somerset maughan


Writing rules really rile me.  Nowadays it seems the world and its aunt is a literary expert, handing out gratuitous and often spurious dos and don’ts on how to write fiction, produce prose and create characters. I even came across a tweet the other day giving tips on naming characters. Strikes me if you want to be a writer and need that much help, maybe stick to the day job.

It’s not just unsolicited guidance that irks me, I find rigid grammar rules annoying as well. I’m rigorous about correct spelling and punctuation, but splitting the odd infinitive? Ending a sentence with a preposition? Beginning a sentence with a conjunction? They’re all fine in my book(s).


Unlike misspelt words, missing apostrophes and misplaced commas – split infinitives don’t change what a writer’s trying to convey, neither does a sentence that ends with a preposition. In fact sticking to the preposition rule can sound preposterous. As Winston Churchill pointed out when admonished for breaking the rule: ‘This is the type of errant pedantry up with which I will not put.’  Nor do I.

And as for not starting a sentence with a conjunction. And not writing incomplete sentences.

Or one-line paragraphs.

Or eschewing contractions.

It is daft, is it not?

But back to all the gratuitous writing advice that flows on Twitter and Facebook et al, my main gripe with the literary largess is that it assumes what works for one writer will work for all writers. The way I see it, the one-size fits all approach is not only patently wrong but – like Lassa fever – it’s something to avoid.

mark ywain

The whole point of writing fiction is, surely, to create a unique authorial voice, not slavishly follow other people’s well-worn blueprints of general and often inherited advice.

I get particularly tetchy when a rule starts with the word ‘never’ – as in, never do this, never do that. I’m thinking of instances like: never open a book with the weather or, never start with a prologue.  Avoid overuse, sure. But, never? Personally, I think it’s a tad presumptuous on anyone’s part to lay down the literary law like that.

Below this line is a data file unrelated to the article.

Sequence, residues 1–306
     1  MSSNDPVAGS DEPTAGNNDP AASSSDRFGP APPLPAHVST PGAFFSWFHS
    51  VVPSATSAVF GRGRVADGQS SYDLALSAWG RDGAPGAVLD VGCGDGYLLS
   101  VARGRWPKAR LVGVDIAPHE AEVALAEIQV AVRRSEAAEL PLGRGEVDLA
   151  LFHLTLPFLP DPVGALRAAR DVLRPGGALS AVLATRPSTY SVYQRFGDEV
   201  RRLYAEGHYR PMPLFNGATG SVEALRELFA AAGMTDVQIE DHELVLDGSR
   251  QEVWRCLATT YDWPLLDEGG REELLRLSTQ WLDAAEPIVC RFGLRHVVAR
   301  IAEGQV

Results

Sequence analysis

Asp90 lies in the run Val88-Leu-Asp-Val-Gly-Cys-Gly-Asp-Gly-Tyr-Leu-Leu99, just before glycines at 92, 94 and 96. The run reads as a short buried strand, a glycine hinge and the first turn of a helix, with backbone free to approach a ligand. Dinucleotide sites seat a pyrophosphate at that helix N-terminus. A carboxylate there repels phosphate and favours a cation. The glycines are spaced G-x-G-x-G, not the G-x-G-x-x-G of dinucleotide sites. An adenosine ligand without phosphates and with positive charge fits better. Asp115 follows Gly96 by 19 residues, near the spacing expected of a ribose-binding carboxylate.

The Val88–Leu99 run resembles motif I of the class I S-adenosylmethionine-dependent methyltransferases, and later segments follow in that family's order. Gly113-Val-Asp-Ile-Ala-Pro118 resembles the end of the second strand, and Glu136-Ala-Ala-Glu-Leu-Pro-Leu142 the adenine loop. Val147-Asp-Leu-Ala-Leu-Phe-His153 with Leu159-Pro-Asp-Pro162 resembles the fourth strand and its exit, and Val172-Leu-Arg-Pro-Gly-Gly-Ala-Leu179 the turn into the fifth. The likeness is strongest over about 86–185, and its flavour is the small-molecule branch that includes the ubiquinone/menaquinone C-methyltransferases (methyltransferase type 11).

Another bugbear of mine is, show don’t tell. The term’s blithely bestowed on all beginner writers but when you think about it, it’s pretty meaningless. There are times an author has to spell it out or risk confusing the reader or failing to convey essential information. I’m talking here about weaving a little seamless clarification into a scene, not spoon feeding huge chunks of exposition and/or explanation.

And then there’s the old chestnut: write about what you know. I’d be nuts to stick to that little pearl of wisdom. In my books, I kill people for a living. My villains range from murderers to kidnappers; blackmailers to serial burglars. My plots have featured prostitution and paedophilia. My latest novel – Overkill – looks at rival pimps. You get the picture. And that’s what I do – picture action sequences and create characters in my head. It’s called imagination.

Overkill cover image

Of course I also use my experience and expertise as a former TV journalist. The media features heavily in my novels but as a crime author my mantra is: write what you can find out about. And that means doing extensive research and owning a burgeoning book of contacts. Mine’s mainly full of police officers, lawyers and medicos. I talk to them when I need expert knowledge to add authenticity to my work. (I say ‘talk’, it’s more a case of badgering them with questions.)

I have other pet hates in the field of unasked for tips and unwarranted advice, but you may feel differently. Maybe you find them helpful. I’d love to hear your thoughts. Each to their own and all that. It’s just that I prefer making up my own rules and I’m definitely not in the market of foisting them on anyone else.


The way I see it a writer needs the confidence and self-belief to develop a distinctive writing style, to come up with original material and to craft it in the best way they can. And if that means breaking the rules . . . bring it on.

For me it’s about engaging the reader with an engrossing plot and entertaining characters. And for that, I keep in mind the three Cs: communicate, clarify, connect.

Carter’s rules. But not for general consumption!


3 thoughts on “REBEL WITH A CLAUSE

  1. What a terrific blog. Rules can and often should be broken when it comes to writing. There can be far more impact in, for instance, incomplete sentences, or even single word sentences. As far as I’m concerned, the only rules that should be obeyed are those of spelling and punctuation – misplaced or missed out possessive apostrophes. So well said, Maureen.


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